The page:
View Full Version : Collinear Series III, No 3 1:7.7

Wenbiao Liang
16-Jul-2006, 21:40
Just bought this lens on impulse. I have heard about Collinear lenses, being similar in construction as that of Dagors, although with the order of the elements reversed?

A net-friend told me Series III, #3 is about 180mm in focal length, and covers 18X24, so it would not cover 8x10?

this is all I know about this lens, there is not much information on Collinear that I could find out over the internet.

How Collinear's compare to Dagor in performance, coverage and characteristics?


17-Jul-2006, 03:39
Hi Wenbiao,

Personally, I know nothing about your lens, but the Lens Vade Mecum offers this bit of rather unconclusive information that may help you along. Since you seem to be in the habit of buying older lenses, may I advise you to get a copy of the LVM for your own library? I think it's on sale at eBay or from MWClassics.You will find it very useful indeed and it may aid you in looking for new old lenses. There are also other books on lenses available, e.g. Ole Tjugen has some interesting reference materials at home.

The Voigtlaender Anastigmats were initially the Kollinear - or spelling as Collinear for export markets.
Kollinear was made in several series, and there may be changes in the designs. Users say that the performance is very good but that the colour correction can be less good than other types, and the faster series may lack ultimate sharpness. Frerk writing in 1926, says the old versions were in f5.4 and f6.8, and that the line was simplified in 1921 when R. Richter redesigned the Kollinear as an f6.3 in all sizes. Today, demand for Kollinear seems to be increasing and prices are rising, perhaps as it is more flexible in use than Dagor, the main 3+3 symmetrical competitor. The angle covered was good but not outstanding. The first list noted is from a Rochester Optical catalogue for 1899.

There were 3 main types of 3+3 symmetrical anastigmat. The most successful was the Goerz Dagor and the next most important was the Voigtlaender Kollinear and Steinheil Orthostigmat, which are to products basically of the same design group, and finally, the Watson Holostigmat was a third basic type, though Zeiss had also used this layout. A fourth could be envisaged but never actually used commercially.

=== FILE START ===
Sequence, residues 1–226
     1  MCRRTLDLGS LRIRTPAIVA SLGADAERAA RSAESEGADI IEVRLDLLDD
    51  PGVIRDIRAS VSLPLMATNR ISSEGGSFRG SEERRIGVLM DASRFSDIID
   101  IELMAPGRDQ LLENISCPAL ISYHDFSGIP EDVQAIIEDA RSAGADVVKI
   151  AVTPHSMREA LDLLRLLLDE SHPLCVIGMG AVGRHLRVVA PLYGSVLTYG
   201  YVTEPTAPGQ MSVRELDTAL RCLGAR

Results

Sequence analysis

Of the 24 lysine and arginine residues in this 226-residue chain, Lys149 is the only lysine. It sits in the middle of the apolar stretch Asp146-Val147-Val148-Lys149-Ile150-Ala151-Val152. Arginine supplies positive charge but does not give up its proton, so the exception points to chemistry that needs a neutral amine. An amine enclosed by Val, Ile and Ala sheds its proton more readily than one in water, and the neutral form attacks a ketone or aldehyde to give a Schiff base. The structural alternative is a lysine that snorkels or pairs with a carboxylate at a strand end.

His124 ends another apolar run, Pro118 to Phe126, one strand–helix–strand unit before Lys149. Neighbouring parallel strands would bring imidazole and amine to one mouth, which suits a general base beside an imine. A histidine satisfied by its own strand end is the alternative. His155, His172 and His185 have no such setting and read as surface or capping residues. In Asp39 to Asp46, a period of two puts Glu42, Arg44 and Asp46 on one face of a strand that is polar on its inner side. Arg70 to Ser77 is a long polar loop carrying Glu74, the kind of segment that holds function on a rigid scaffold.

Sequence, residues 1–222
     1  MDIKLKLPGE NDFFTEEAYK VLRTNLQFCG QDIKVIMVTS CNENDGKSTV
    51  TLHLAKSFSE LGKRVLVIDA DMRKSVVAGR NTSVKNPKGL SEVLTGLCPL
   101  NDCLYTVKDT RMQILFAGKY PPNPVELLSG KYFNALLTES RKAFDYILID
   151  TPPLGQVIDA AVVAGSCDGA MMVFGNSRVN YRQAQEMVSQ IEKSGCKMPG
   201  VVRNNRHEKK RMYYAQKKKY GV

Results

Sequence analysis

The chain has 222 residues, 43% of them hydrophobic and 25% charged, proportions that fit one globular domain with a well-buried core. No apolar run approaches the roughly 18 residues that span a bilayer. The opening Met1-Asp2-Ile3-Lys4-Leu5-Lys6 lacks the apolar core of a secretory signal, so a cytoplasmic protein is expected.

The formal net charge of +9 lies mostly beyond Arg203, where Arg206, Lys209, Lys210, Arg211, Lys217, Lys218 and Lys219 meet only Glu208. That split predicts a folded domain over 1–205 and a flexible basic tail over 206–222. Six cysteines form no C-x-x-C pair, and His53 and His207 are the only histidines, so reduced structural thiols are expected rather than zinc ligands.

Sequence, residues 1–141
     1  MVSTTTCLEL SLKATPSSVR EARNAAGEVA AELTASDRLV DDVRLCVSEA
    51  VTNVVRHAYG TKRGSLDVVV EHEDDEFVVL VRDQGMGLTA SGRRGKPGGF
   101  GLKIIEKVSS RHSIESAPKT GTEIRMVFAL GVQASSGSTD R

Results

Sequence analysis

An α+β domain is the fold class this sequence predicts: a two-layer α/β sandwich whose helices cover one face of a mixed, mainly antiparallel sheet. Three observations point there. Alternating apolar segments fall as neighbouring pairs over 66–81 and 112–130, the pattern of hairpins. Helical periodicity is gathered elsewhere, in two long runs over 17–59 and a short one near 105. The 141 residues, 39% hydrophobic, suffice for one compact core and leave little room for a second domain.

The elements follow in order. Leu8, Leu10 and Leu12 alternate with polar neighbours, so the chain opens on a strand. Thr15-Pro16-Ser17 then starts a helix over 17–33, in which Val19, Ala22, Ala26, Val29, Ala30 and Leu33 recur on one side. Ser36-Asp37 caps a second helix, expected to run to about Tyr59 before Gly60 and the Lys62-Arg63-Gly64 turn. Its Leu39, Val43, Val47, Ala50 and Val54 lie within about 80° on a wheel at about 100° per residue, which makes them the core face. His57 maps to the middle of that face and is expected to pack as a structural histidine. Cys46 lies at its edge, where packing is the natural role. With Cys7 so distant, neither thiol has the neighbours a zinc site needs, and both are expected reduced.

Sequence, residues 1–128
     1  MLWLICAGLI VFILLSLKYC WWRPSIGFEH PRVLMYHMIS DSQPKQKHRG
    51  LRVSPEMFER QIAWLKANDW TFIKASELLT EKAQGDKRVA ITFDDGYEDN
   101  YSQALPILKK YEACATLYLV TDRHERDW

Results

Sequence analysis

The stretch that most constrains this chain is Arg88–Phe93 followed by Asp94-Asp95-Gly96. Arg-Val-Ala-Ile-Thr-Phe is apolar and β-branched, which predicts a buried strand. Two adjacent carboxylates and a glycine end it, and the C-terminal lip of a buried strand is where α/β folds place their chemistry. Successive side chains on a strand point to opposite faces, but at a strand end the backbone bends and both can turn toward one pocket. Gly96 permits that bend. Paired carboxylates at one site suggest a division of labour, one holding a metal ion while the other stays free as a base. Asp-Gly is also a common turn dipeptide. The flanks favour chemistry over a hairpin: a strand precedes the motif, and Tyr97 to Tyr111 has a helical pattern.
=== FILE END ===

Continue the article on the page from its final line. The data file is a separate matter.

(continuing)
Kollinear Series 111
It was covered by D.R.P. 88,505. (Voi013) This seems to be scarcer, and may be aimed at shutter mounting as it is smaller. It covers up to 90° stopped down. It was made in:
f6.8 7.0, 9.0, 10.5, 12.0, 13.5, 15, 18cm, where it was suggested to use 15cm for 5x4. But note the lenses found are f6.3 and seem to be of this period.
In the USA list it was as:
2.25in for 2.25x3.25in; 3.5in for 2.75x3.25in; 4.25in for 3x3.25in; 4.75in for 3.25x4.25in; 5.375in for 3.75x4.5in; 6in for 4x5in or 5x7in stopped down; 6.5in for 3.25x5.5in; 7.125in for 5x7 or 6x8in stopped down.
f7.7 20, 25, 31, 37, 44, 52, 58cm. Use 13.5cm for 5x4. It covers about 90°.
In the USA list it was as:
8in for 6x8in; 10in for 7x9in or 8x10in stopped down; 12in for 8x10in; 14.5in for 11x14in; 17.5in for 14x17in; 20.5in for 16x18in; 23in for 18x22in.

All sizes from 1A to 6 ie 4.25in to 12in inclusive were avaialable in cells to fit shutters.
A Collinear II No5 f7.7 ie 10in was noted at No49,11x.
[Afalter seems to have the same lens in Germany in 1910, but notes it covers 66°. Rather than underline a difference in angle, one is probably with the iris fully open and the other stopped down. He notes 3 Casket sets as follows: for 9x12cm, with 143, 209, 262mm cells for 97mm and up. for 13x18cm, with 224, 262, 358mm cells for 138mm, etc. for 18x24cm with 262, 358, 447, 538mm cells, 172mm, etc.
These were listed but have not been seen in the UK.]

Ah, I forgot to mention that cameraeccentric.com is a good site to peruse for info on old lenses, although Seth apparently has not been able to lay his able hands on an older Voigtlänger catalogue yet, so no info from him on this lens.